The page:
Sprint, the No. 3 U.S. mobile provider, declined to comment on the Dish filing on Friday.

 

It sent the FCC an amendment to its application for approval of the SoftBank deal on Thursday including notice of its agreement with Clearwire, which would gives Sprint control of the smaller company's substantial spectrum holdings.

 

Dish said in its filing that Sprint's plan "raises a number of issues deserving of careful consideration" and that interested parties need an appropriate amount of time to consider and address these issues.

 

For example, Dish questioned if it is in the public interest for a foreign company such as SoftBank to control more wireless spectrum than any other company in the United States.

 

It also asked whether the FCC should re-evaluate "the competitive effects" of a combination of Sprint's and Clearwire's spectrum holdings under one owner.

 

Dish and Sprint recently clashed with each other during the regulatory review of Dish's plans for its spectrum holdings.

 

Sprint is already meeting objections to the deal from some minority shareholders who are not happy with the $2.97 per share price it agreed on with Clearwire.

 

(Reporting By Sinead Carew and Liana B. Baker; Editing by Leslie Adler)

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Seems like much ado about nothing. Deutsche Telekom and Vodafone hold very large spectrum assets, that are much more valuable and useful than EBS/BRS. Also, it gives more competition for American consumers, not less.

 

I think Ergen may have had his own plan for CLWR and this is just sour grapes. Or possibly, he wants to be first in line for any CLWR spectrum divestiture. Meh.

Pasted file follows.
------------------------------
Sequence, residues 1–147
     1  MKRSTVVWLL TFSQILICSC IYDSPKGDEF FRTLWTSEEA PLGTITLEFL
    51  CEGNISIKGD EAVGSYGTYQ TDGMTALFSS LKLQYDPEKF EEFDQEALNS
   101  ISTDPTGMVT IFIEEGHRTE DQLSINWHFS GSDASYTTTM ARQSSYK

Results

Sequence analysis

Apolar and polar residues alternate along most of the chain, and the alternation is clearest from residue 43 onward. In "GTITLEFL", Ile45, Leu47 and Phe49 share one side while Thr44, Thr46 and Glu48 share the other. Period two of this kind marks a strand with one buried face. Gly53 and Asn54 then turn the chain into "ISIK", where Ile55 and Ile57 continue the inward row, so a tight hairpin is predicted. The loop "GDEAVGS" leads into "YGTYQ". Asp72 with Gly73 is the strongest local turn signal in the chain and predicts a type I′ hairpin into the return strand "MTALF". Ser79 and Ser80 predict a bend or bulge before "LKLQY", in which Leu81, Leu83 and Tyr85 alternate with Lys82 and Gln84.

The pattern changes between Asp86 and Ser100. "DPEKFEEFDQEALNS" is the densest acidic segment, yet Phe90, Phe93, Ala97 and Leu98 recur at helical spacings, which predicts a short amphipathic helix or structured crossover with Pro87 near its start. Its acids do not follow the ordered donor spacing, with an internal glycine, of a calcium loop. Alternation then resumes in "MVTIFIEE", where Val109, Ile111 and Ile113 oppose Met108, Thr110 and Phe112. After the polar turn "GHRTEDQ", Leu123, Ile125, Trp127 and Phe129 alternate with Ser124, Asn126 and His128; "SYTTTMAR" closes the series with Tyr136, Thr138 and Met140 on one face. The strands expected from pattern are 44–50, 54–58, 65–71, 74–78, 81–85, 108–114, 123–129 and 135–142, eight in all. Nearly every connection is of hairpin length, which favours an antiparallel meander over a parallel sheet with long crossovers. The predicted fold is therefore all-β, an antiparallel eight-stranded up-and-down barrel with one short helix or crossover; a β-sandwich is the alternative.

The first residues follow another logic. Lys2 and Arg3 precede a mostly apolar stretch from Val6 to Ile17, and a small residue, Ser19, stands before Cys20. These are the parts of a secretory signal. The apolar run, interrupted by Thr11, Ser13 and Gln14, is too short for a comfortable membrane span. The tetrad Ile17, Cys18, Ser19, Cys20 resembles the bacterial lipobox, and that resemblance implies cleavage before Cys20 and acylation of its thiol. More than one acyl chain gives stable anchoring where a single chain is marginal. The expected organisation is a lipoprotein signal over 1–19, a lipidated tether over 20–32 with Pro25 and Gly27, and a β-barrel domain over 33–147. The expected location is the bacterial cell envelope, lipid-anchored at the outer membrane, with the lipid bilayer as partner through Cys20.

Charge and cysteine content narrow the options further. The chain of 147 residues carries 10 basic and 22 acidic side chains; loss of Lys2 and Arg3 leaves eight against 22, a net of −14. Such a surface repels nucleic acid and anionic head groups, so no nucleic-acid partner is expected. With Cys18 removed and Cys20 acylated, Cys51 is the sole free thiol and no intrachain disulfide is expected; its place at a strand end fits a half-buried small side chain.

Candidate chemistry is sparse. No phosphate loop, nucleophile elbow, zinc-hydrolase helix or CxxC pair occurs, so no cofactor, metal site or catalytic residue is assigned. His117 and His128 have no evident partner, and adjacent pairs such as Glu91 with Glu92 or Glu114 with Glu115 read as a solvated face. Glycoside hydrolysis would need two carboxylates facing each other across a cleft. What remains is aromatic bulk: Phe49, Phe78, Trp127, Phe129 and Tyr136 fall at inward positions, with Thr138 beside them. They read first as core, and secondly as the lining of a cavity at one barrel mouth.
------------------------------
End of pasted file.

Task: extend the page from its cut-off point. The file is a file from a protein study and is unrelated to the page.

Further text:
Robert via Samsung Note II via Tapatalk

 

 

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What if Ergen is protesting the Sprint-SoftBank-Clearwire transactions in an attempt to finagle a trade of his nationwide 40 MHz of S-band/AWS-4 (FDD) spectrum for Clearwire's nationwide but variable BRS/EBS (TDD) spectrum? Would you take that deal?

 

AJ

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I think it would've been better is Dish took over Clearwire, as it would mean that another competitor exists.

Sprint/Clearwire own a ton of Sprectrum, but in the majority of the country it is unused. They should be forced to sell or give away unused spectrum.

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What if Ergen is protesting the Sprint-SoftBank-Clearwire transactions in an attempt to finagle a trade of his nationwide 40 MHz of S-band/AWS-4 (FDD) spectrum for Clearwire's nationwide but variable BRS/EBS (TDD) spectrum? Would you take that deal?

 

AJ

 

I don't think Mr. Son would be keen on the idea. I'm pretty sure he wants TD-LTE 2600 for global scale of economies.

 

I personally would be OK with it...IF...Sprint hosted a TD-LTE 2600 network for DISH, DISH persued hotspot coverage for Sprint like Clearwire and Sprint customers could roam on it for reasonable terms. Because it will take a few years for Sprint to get the S band up and running. Getting LTE approved on it, getting devices starting to be built and a network deployed. Probably take 30-36 months. And Sprint will need a back up hotspot plan in the interim.

 

But now that I type that, it makes more sense to keep Clearwire and its assets. But the S Band is not the end of the world.

 

But no matter what, SoftBank wants Clearwire. Maybe as much as Sprint. I'm almost sure of that.

 

Robert via Samsung Note II via Tapatalk